Bloody Panda Chanteuse Yoshiko Ohara readies solo album
After years of fruitful collaboration with various colleagues in her adopted hometown of New York City, Japanese vocalist and established visual artist Yoshiko Ohara is releasing her first solo album, Ringing In Our Wrists. Best known for her mesmerizing performances as lead singer for the now-defunct NYC experimental doom outfit Bloody Panda and collaborations with OCEAN and KAYO DOT, Yoshiko is expanding her repertoire ever further into the outer reaches of strange, unearthly music, and unleashed her formidable talents upon the public on March 19th via Ice Level Music, a new label run by Toby Driver (Kayo Dot, maudlin of the Well, Secret Chiefs 3)
Ohara composed and recorded all the songs herself in addition to creating all the accompanying album artwork. She embraced the random on Ringing In Our Wrists, treating her audio material as pure sound rather than attempting to compose logical songs. Using the visual cue of the waveform as it appeared on her computer screen, Ohara rearranged the tracks to create visual tableaux that mirrored the imaginary artworks in her head. As such, all the sounds are created by accident, not written as music but created as an art work. Using a combination of field recordings and synthesizer generated noises Ohara’s freshman album merges the painter’s eye with the musician’s ear, taking the listener on an inward journey to a place where those two synaptic impulses merge into one.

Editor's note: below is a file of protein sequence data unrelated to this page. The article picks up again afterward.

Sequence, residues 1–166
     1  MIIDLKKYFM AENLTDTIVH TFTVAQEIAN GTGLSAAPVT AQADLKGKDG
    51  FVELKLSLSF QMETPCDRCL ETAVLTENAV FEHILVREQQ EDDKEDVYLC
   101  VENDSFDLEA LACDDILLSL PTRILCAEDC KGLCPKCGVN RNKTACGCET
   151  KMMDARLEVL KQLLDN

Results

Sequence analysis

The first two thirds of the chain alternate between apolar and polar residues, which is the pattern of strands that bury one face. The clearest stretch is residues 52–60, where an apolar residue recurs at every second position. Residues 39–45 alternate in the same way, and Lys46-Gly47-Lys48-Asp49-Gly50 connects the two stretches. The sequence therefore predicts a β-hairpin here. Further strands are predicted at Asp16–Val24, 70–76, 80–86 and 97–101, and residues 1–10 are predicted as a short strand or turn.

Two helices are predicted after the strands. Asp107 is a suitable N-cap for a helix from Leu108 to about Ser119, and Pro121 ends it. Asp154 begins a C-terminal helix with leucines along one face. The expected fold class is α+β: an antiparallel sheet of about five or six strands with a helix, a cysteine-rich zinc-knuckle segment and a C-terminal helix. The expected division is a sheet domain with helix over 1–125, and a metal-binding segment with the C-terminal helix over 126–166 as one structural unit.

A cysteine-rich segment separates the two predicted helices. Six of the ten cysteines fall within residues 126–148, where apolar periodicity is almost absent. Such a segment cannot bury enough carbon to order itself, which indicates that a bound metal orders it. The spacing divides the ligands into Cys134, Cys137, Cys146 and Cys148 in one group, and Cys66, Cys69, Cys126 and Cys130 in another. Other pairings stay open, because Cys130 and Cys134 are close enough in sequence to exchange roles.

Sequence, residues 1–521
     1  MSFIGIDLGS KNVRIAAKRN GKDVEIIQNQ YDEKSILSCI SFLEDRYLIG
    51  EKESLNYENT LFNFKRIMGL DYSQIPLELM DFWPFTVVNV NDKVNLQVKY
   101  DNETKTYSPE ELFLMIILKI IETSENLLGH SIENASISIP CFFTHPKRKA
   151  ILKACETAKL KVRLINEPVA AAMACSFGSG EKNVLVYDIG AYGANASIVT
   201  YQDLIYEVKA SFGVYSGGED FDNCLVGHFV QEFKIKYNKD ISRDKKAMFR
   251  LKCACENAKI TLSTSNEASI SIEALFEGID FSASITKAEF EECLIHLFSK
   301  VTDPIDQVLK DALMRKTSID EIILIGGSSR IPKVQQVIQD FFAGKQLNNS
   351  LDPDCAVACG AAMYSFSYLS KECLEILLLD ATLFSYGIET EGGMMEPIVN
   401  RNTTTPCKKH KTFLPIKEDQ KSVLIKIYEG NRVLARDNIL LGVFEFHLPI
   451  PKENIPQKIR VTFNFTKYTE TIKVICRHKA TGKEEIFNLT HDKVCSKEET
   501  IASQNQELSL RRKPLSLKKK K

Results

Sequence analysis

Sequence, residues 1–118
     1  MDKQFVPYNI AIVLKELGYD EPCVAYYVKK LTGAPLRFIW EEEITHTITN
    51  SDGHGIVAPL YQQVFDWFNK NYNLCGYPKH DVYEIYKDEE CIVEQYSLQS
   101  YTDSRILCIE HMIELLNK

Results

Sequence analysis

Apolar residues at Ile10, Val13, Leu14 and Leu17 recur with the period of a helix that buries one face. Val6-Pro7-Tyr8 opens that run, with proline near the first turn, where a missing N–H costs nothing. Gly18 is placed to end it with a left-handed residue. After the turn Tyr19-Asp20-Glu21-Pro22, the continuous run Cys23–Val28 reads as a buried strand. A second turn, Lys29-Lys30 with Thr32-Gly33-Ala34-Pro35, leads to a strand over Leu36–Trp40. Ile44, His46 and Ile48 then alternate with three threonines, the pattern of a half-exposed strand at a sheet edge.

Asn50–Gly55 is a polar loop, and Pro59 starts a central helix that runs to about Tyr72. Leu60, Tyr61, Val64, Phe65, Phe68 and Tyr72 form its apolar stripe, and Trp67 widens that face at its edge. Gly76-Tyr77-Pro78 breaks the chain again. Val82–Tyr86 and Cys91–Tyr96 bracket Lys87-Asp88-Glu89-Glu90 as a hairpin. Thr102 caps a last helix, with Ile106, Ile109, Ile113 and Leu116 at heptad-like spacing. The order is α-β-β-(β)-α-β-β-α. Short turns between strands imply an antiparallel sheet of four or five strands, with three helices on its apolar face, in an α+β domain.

Her haunting, eerie vocals and visceral live performances have become the stuff of legend amongst those lucky enough to catch her both with Bloody Panda (who All Music decreed to be “one of America’s best bands”) and at more recent solo outings. Comparisons to multitalented demonic divas like Diamanda Galas, Jarboe, and Keiji Haino are apt, but there is only one Yoshiko Ohara.
The New York Times has praised her band’s “nightmarish, rubato art-songs,”and the Village Voice lauded “the ashen throat of singer Yoshiko Ohara, whose dynamic range covers the ground between Diamanda and PJ Harvey in drones, squeals, and screeches.” Decibel Magazine hailed her as the driving force behind the band’s “haunting, evil, beautiful music,” CMJ wrote of how “Yoshiko Ohara wails and howls as though she’s in a perpetual state of mourning, and it’s the perfect complement to the doom and gloom riffs,” and MTV applauded their “”dense, despairing songs that tumble, clatter and drone through the ether.”
Watch a recent performance for a taste of what lies ahead: http://www.youtube.com/watch?v=pvg2GDdJw90
More info on Bloody Panda: http://en.wikipedia.org/wiki/Bloody_Panda